Japan and South Korea could apply pressure on China by announcing that unless North Korea abandons its nuclear arms program and allows free unfettered inspection by a date certain, they will start to build nuclear weapons arsenals of their own as a counter measure. The strategy of trying to reduce tensions has not worked. Perhaps the opposite strategy of ramping tensions up would be more successful. The last thing anyone in Asia wants to see is Japan with an arsenal of nuclear weapons. That would send a message of fear and anger throughout the region.

    by: American Eskimo from: San Jose, USA
    January 10, 2016 12:25 PM
    Mr. Robert Manning's assessment is RIHGT ON 100%.
    Mr. Gordon Chan is just shooting his month off this time and often in the past, like predicting China falling apart so many times. He shall ride off into the sunset. He is a China basher paid by outside force.
    Mr. John Kerry shall refrain from agitating conflict between China and North Korea. Why does he say "Beijing's approach has not worked and WE (who are WE?) cannot continue business as usual."
    Between the lesser of 2 evils, (1) to have a buffer between USA and China or (2) to have a unified Korea with trouble right across the Yule river. The choice is clear as MUD for China. Business as usual is a sound approach for China to take, so Mr. Kerry, stuff it.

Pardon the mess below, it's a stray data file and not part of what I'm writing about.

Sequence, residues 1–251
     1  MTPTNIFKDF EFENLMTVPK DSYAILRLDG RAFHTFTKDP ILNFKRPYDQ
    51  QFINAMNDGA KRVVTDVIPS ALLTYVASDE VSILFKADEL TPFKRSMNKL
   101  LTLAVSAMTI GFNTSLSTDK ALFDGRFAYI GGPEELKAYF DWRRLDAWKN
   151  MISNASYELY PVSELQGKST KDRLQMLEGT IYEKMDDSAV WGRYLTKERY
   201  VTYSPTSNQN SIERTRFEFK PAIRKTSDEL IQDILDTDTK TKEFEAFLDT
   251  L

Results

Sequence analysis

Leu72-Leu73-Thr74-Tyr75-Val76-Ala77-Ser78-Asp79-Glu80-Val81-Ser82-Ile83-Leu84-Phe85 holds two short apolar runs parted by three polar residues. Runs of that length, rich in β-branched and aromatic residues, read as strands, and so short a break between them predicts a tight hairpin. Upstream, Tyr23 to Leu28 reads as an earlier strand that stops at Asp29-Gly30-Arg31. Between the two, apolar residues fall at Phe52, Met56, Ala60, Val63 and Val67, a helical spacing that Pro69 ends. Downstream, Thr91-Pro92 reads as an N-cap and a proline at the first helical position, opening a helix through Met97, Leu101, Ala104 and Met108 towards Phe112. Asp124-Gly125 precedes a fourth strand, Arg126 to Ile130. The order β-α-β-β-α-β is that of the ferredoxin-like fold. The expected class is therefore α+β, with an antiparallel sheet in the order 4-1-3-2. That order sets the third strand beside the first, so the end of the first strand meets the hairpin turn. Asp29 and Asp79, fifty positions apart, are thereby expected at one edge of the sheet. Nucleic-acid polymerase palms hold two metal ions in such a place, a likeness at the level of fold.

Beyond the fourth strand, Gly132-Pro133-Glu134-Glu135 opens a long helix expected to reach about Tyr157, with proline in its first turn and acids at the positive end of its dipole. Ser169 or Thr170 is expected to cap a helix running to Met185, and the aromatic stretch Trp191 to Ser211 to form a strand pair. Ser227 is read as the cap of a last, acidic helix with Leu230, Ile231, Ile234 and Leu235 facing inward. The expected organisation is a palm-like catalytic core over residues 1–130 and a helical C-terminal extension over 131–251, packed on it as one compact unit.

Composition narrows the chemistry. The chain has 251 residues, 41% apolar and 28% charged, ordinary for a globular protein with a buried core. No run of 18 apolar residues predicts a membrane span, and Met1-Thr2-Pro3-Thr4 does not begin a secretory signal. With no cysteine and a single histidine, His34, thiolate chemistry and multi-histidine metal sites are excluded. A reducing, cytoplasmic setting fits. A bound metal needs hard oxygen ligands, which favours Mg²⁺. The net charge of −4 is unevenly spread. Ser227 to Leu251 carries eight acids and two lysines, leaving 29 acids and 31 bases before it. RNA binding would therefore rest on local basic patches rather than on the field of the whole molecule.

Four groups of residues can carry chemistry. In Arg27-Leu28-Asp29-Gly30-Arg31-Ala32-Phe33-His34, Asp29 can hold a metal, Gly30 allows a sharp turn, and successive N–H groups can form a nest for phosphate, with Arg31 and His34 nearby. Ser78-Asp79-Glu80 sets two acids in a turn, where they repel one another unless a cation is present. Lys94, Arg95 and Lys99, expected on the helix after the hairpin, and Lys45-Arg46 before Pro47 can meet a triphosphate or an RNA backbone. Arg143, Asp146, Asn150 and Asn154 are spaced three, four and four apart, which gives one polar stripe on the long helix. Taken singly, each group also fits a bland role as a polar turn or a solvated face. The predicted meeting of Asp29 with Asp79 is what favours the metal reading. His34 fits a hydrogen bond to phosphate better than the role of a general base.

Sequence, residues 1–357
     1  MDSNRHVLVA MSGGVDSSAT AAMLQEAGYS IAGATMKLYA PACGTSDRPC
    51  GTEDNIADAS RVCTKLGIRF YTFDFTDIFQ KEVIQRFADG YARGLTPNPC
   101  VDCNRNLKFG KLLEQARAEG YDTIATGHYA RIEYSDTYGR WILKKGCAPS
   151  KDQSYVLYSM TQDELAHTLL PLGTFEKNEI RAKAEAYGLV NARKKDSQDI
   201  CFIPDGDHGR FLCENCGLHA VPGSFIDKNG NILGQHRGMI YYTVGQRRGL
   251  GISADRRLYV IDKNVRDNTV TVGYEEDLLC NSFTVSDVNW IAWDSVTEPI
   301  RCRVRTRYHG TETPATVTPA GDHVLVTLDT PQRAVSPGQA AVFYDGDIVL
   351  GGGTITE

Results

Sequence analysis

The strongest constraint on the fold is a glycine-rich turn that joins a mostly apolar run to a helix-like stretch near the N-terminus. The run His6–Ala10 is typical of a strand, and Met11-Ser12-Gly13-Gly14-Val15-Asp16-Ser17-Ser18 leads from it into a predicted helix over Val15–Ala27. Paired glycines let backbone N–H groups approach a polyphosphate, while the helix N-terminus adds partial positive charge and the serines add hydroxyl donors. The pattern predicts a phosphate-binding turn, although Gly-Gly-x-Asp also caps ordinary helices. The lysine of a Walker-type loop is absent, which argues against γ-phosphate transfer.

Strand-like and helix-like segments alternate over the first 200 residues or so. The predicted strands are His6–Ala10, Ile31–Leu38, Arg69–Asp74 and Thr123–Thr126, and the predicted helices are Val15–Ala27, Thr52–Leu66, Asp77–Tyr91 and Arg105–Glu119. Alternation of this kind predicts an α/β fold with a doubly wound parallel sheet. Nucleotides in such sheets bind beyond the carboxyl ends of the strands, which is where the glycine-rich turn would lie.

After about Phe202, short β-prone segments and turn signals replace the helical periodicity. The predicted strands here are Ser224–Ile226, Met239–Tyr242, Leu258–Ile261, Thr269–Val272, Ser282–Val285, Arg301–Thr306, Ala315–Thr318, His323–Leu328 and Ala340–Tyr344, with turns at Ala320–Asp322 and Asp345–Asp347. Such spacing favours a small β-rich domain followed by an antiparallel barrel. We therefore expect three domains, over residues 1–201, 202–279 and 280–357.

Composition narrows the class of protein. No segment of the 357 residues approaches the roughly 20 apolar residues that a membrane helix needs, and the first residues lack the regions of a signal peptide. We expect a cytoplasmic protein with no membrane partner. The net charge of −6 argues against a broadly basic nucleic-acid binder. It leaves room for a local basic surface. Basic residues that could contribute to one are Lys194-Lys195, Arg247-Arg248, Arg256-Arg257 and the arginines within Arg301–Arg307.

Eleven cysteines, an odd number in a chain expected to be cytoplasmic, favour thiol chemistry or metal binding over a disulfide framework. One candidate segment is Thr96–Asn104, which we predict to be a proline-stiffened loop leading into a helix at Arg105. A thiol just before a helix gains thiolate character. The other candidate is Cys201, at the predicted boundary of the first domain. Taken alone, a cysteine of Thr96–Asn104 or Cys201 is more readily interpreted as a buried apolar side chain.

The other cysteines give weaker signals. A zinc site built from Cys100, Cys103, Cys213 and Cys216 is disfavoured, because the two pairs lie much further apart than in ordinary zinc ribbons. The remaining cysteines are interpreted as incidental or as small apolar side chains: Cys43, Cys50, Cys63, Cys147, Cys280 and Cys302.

by: Moses608 from: Kenya
    January 10, 2016 7:49 AM
    China's silence is a danger to itself.North Korea would one day use this arsenal against China.Who knows these unchecked nuclear tests by mindless hounds who rule North Korea will ignite a super Volcano and the whole world will suffer.

    by: Alice from: Canada
    January 09, 2016 8:16 PM
    The Chinese government has decided it prefers to look the other way and not antagonize the lunatics that run North Korea. Strange that China is willing to build artificial islands to access oil resources the world does not require yet this same China wont do anything about an irrational North Korean regime that may turn on China at any moment. Has Communist China lost its nerve?

    by: meanbill from: USA
    January 09, 2016 3:35 PM
    China doesn't have to worry about North Korea attacking them, nor do they worry that North Korea has any nuclear missiles aimed at them, but they do have to worry that any nuclear war on the Korean peninsula would effect their trade and economic growth, but trying to get North Korea to give up it's defensive nuclear weapons is impossible, no matter what the US says?